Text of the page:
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Tourism Can Flourish by Marketing Mid-Michigan, Say CVB Directors

Economic Impact of Tourism Explained to Tri-County Economics Club

June 3, 2007       Leave a Comment
By: Dave Rogers

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Shirley Roberts - Bay Area CVB

Tourism is a $252 million a year business in the tri-county area and is Michigan's second largest industry at $17.5 billion, according to local tourism directors who say they are "friendly competitors."

The directors spoke recently at a meeting of a business group and said tourism is the right tool for economic development.

"As a tri-county economic leader you can be a champion," the area Convention and Visitors Bureau directors said.

"As in other industry sectors, substantial economic impact from tourism doesn't just happen," Shirley Roberts, executive director of the Bay Area Convention and Visitors Bureau told the Tri-County Economics Club recently. "And it certainly doesn't grow without intervention or purposeful development activities."

Destination Marketing Organizations responsible for tourism marketing are the Bay City, Midland County and Saginaw Valley Convention & Visitor Bureaus or CVBs, she said, adding:

"In some cases, CVBs are divisions of a Chamber of Commerce or an integral part of a municipality. In Mid-Michigan, our CVBs are independent, not-for-profit organizations."

Other area tourism directors who presented were Annette Rummel, president and CEO of the Saginaw County Convention and Visitors Bureau, and Jim Peckrul, executive director of the Midland County Convention and Visitors Bureau.

Ms. Rummel said Saginaw County ranks as the third most visited County in the State of Michigan. She added: "The Saginaw Valley, specifically Saginaw County, is 814 square miles of rich agricultural land, woodlands and waterways. The county has five primary tourist areas: Birch Run, Chesaning, Frankenmuth, Saginaw City and Saginaw Township.

The directors pointed to two relatively new initiatives involving tourism:

  • The Saginaw Bay Coastal Initiative. Its Tourism Work Group is attempting to capitalize on the tourism strengths of a six county region surrounding the Saginaw Bay.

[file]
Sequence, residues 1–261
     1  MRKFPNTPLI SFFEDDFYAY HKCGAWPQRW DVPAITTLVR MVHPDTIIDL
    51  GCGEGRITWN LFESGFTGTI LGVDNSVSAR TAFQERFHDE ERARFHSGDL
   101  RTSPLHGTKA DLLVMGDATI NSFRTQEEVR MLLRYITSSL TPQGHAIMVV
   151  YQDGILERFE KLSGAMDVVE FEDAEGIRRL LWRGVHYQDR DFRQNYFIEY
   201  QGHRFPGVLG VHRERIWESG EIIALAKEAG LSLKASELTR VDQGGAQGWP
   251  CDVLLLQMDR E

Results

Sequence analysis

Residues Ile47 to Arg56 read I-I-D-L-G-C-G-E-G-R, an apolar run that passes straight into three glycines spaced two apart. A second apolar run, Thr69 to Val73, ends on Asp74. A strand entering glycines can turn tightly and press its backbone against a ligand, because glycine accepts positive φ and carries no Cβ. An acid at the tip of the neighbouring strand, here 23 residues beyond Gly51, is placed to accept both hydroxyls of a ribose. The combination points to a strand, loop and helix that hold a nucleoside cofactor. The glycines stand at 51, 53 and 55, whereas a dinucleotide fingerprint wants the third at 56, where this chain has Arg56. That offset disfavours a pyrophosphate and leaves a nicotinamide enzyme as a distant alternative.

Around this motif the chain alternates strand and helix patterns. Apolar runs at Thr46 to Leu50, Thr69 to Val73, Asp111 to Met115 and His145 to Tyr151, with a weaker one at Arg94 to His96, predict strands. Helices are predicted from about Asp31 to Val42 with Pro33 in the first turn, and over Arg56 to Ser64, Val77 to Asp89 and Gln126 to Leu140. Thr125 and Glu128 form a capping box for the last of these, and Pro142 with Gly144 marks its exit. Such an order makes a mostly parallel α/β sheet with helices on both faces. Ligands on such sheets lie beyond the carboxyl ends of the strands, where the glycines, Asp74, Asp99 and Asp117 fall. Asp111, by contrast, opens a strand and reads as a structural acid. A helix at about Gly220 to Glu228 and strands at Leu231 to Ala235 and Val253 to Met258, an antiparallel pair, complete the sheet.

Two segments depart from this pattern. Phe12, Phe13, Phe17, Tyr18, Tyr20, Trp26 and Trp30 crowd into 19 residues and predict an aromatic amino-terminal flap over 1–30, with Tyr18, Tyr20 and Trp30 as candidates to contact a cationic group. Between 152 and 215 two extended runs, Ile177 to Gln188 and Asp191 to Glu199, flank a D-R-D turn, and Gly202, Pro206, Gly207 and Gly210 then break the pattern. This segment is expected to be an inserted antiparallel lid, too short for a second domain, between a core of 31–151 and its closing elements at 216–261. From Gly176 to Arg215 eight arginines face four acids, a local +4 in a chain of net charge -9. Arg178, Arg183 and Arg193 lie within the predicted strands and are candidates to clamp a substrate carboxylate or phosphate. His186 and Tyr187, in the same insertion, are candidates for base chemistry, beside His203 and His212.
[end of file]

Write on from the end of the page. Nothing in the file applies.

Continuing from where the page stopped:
• The Dow Chemical Company has recently initiated the Mid-Michigan Regional Management System. It has formed work groups around the topics of Sustainable Jobs & Business, Environment & Natural Resources and Regional Cohesion.

    According to Mrs. Roberts, there are several public acts in Michigan that allow for the creation and funding of CVBs. The two used most often are Public Acts 59 and 263. PA 59 bureaus are funded by assessments because the act allows hotel owners to vote on the collection of up to 2 percent of overnight stays within a geographic boundary they determine. PA 263 bureaus are funded by taxes because the act imposes a mandatory collection of up to 5 percent of overnight stays on every hotel room in a county.

    In Mid-Michigan, the Bay City and Midland County CVBs are PA 59 assessment districts, with 2 percent taxes on hotel rooms, and the Saginaw Valley CVB is a PA 263 taxing district, with a 5 percent tax on hotel rooms.

    CVB's in Michigan are responsible to a volunteer Board of Directors which, by law, is comprised primarily of hoteliers. These organizations are required to file copies of an annual audit and marketing plan with the Michigan Economic Development Corporation. In the case of PA 263 districts like Saginaw, the CVB is also responsible to the County Board of Commissioners.

    According to the local directors, CVBs have one purpose and one purpose only: "To put heads in beds" as it is known in the trade.

    Mr. Peckrul pointed out that overnight guests spend more than day-visitors. Therefore, filling hotel rooms generates considerably more economic impact for our communities. There is also a direct benefit to our organizations: The more overnight stays we generate, the more revenue we receive and the greater investment we can make in promoting our destinations.

    He said: "CVBs employ different tactics to market their communities, but each engages in some form of public relations, sales and advertising. We target geographic populations and specific interest groups.

    "Much of what we do, we do alone. But a growing number of activities we tackle as a region. In Mid-Michigan, we've promoted regionally for a long time."

    Mrs. Roberts said: "We are friendly competitors who understand the value each brings to the table. In Bay City, for example, we often point to our proximity to Frankenmuth in Saginaw County and Dow Gardens in Midland when enticing visitors to stay in Bay City or to extend their stay with us. The Saginaw Valley CVB recently included Bay City and Midland County assets when preparing a bid to host the OHL Memorial Cup. Whether we do it intentionally or not, we often see overnight guests flow from one community to another."

    We are also strategic collaborators who understand that the sum of our products is a great strength. We come together as the Mid Michigan Tourism Marketing Group and pool our resources to fund specific activities that will benefit us all. Mrs. Roberts said the idea of tourism promotion on a regional basis is growing across the State and the Country. "The opportunities to join regional networks are only limited by our imaginations," she added.

    She concluded: "Regardless of our method of funding and the strategies we employ, the organizational mission of each CVB is to improve its local economy. Whether as individual communities, as a region or State, the impact of tourism is growing and it should be considered an integral component of a comprehensive economic development plan."###

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    Dave Rogers

    Dave Rogers is a former editorial writer for the Bay City Times and a widely read,
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